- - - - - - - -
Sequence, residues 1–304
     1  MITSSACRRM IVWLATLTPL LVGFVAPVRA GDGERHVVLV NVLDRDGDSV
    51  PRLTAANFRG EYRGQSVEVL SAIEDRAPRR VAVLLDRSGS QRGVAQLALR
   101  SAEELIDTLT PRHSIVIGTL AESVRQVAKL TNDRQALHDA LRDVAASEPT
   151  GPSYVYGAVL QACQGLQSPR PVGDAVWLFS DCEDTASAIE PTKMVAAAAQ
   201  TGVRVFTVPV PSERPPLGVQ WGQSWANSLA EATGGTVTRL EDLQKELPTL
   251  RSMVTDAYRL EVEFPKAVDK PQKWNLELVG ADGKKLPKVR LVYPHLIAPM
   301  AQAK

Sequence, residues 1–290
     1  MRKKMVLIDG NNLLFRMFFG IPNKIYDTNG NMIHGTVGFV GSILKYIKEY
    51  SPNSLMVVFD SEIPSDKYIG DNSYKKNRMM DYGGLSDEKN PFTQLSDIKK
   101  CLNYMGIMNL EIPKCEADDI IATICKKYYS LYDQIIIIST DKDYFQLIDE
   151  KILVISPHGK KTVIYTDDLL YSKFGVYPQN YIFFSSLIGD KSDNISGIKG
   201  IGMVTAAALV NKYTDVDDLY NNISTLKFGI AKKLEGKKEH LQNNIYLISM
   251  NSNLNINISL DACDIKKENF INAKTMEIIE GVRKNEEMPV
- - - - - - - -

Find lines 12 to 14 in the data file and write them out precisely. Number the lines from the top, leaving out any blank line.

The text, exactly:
   101  CLNYMGIMNL EIPKCEADDI IATICKKYYS LYDQIIIIST DKDYFQLIDE
   151  KILVISPHGK KTVIYTDDLL YSKFGVYPQN YIFFSSLIGD KSDNISGIKG
   201  IGMVTAAALV NKYTDVDDLY NNISTLKFGI AKKLEGKKEH LQNNIYLISM